Most House Democrats back President Barack Obama's plan to let tax cuts for the wealthy expire this year, though the proposal will face a battle in the Senate, the acting chief of the tax-writing panel in the House of Representatives said.
Tax cuts for all income groups enacted in 2001 and 2003, including for capital gains and dividends, will expire at the end of this year unless Congress acts to extend them.
Keeping a campaign pledge, Obama wants to extend the cuts for people who earn less than $200,000 and families that earn less than $250,000. But Obama and most Democrats want to let the cuts for the richer groups expire.
Republicans and a small number of conservative Democrats favor extending them all and the Democrats' slimmer majority in the Senate will make it a tougher fight in that body, Rep. Sander Levin, acting chairman of the Ways and Means Committee, told reporters Tuesday.
"We're ready to fight over the issue," said Levin in his first briefing with reporters since taking over as panel chair.
The 14-term Michigan Democrat took over the panel earlier this month after Rep. Charles Rangel stepped down amid several congressional ethics probes.
It is unclear how long Levin will stay on, though most people believe Rangel lacks enough political support to reclaim the top spot.
Lawmakers will need to find a way to pay for the cuts in the lower income categories, which will cost more than $2 trillion over a decade.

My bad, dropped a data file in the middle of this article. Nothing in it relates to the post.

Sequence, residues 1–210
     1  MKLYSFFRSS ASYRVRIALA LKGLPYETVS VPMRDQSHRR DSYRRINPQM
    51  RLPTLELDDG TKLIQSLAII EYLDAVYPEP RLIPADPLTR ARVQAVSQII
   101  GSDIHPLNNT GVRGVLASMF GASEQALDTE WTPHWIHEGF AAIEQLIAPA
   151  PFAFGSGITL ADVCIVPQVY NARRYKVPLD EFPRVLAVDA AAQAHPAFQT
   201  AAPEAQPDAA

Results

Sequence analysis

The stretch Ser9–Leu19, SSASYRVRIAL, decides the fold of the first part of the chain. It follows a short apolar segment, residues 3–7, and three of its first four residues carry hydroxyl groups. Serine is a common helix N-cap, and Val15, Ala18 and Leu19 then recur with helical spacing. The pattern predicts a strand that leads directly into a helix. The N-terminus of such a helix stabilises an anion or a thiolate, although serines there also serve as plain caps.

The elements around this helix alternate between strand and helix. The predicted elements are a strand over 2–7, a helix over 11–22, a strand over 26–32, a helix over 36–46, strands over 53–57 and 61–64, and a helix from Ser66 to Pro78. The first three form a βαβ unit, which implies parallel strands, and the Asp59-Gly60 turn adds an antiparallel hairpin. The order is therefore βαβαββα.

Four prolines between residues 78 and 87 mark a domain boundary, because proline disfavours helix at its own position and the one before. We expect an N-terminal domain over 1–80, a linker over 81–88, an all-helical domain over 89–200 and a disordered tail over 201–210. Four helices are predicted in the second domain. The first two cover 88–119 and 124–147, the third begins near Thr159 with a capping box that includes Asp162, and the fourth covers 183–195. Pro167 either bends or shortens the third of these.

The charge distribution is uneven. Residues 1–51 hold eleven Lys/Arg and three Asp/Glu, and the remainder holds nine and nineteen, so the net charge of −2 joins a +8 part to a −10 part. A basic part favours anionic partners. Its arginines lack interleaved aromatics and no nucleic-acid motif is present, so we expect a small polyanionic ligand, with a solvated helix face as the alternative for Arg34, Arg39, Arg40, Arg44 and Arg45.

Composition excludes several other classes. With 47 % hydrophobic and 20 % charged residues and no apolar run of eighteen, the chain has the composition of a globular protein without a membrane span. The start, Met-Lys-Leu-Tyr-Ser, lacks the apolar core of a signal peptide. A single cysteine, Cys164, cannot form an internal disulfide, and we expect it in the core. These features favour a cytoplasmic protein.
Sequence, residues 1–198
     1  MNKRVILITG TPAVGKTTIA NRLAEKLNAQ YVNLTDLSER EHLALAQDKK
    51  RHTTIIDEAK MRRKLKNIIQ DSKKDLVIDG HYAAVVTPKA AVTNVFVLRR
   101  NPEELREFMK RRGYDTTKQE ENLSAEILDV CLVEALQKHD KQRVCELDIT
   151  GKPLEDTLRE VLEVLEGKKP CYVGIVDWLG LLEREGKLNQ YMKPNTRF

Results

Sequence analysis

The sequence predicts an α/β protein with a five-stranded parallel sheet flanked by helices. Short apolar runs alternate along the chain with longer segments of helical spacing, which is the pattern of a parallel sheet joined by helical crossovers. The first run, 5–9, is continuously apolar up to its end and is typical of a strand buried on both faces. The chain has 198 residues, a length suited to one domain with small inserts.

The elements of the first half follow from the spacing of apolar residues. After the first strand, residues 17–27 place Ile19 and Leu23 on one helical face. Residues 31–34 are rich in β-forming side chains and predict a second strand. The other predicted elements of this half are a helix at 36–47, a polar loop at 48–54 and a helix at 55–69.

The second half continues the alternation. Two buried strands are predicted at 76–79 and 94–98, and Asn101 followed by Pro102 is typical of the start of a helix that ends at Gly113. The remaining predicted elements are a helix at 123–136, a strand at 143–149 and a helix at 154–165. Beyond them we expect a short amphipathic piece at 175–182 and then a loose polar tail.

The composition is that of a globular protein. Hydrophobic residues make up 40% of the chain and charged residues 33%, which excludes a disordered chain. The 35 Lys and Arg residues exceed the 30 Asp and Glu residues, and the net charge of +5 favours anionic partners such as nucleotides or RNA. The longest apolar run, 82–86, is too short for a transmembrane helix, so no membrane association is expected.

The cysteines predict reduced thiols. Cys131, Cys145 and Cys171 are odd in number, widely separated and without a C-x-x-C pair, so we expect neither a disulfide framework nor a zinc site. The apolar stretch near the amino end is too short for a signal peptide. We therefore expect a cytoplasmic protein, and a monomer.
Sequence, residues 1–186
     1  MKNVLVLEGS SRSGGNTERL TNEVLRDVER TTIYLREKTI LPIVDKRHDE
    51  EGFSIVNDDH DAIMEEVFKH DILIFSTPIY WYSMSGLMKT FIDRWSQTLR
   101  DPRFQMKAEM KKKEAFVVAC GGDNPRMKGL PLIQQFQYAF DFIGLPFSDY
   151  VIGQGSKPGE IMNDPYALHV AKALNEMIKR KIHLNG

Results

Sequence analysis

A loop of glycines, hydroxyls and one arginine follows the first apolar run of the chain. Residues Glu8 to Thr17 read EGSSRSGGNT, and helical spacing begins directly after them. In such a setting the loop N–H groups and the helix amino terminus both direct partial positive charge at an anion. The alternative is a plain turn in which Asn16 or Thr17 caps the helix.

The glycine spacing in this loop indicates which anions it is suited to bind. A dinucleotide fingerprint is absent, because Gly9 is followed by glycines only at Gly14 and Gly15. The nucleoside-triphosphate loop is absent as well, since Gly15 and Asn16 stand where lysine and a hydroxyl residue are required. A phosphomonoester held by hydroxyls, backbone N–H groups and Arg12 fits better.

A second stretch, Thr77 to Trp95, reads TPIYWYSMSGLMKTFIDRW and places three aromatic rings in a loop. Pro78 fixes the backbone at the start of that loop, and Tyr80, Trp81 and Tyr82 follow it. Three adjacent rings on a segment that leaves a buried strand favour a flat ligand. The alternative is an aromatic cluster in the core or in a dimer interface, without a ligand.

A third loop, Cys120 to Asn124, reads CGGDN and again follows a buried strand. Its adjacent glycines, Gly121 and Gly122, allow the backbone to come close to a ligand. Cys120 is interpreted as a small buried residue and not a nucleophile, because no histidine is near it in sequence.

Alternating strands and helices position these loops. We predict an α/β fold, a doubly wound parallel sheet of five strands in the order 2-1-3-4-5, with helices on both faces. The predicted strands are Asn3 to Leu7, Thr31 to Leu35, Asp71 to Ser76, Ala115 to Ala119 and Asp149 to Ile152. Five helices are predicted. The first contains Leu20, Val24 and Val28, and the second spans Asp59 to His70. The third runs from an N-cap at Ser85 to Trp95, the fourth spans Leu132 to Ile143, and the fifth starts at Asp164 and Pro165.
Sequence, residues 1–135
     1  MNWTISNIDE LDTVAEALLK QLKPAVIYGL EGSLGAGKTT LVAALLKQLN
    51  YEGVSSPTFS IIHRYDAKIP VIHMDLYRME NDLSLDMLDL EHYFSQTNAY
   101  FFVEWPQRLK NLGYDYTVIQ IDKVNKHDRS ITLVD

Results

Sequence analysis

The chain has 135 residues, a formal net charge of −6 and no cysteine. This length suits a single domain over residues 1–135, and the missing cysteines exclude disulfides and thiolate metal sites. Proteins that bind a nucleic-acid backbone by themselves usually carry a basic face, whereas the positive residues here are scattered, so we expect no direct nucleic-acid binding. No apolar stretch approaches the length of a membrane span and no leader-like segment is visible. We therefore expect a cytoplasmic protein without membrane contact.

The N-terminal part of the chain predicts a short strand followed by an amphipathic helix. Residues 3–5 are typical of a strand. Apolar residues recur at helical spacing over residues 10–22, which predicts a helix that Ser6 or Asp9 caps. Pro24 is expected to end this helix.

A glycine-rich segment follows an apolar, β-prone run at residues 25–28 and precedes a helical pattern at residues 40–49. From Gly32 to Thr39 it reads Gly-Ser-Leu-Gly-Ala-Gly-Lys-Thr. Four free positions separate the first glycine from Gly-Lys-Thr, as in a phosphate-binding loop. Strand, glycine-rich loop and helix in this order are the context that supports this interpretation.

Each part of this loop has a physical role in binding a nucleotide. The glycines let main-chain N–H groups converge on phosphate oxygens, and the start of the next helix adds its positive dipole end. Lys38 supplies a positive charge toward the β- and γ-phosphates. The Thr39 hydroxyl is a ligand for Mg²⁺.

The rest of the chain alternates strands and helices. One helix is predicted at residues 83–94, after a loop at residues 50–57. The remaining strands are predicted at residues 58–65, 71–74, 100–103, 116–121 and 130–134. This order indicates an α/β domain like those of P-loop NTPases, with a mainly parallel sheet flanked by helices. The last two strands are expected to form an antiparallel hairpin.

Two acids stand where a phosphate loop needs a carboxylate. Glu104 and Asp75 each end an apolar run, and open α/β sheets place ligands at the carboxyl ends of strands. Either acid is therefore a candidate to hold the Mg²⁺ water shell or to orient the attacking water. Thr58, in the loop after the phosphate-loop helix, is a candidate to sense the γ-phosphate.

Levin, who has been more active on trade than tax issues, said he believes House Democrats back Obama's plan solidly, but added that "we need to persuade enough people in the Senate" to back it.
Levin said it is possible the committee will hold hearings to highlight the issue of inequities in the tax system and said he hopes to start work on the issue after the Easter break.
Levin also said he backs extending the 2009 estate tax policy for 2010. The estate tax expired this year after lawmakers deadlocked on a policy to extend it. Under 2009 law, estates are taxed on their value above $3.5 million at a maximum 45 percent rate. With no action, the exemption amount drops to $1 million and the tax jumps to 55 percent in 2011.
Lawmakers are considering making the 2010 rate retroactive on an optional basis for taxpayers.
© 2014 Thomson/Reuters. All rights reserved.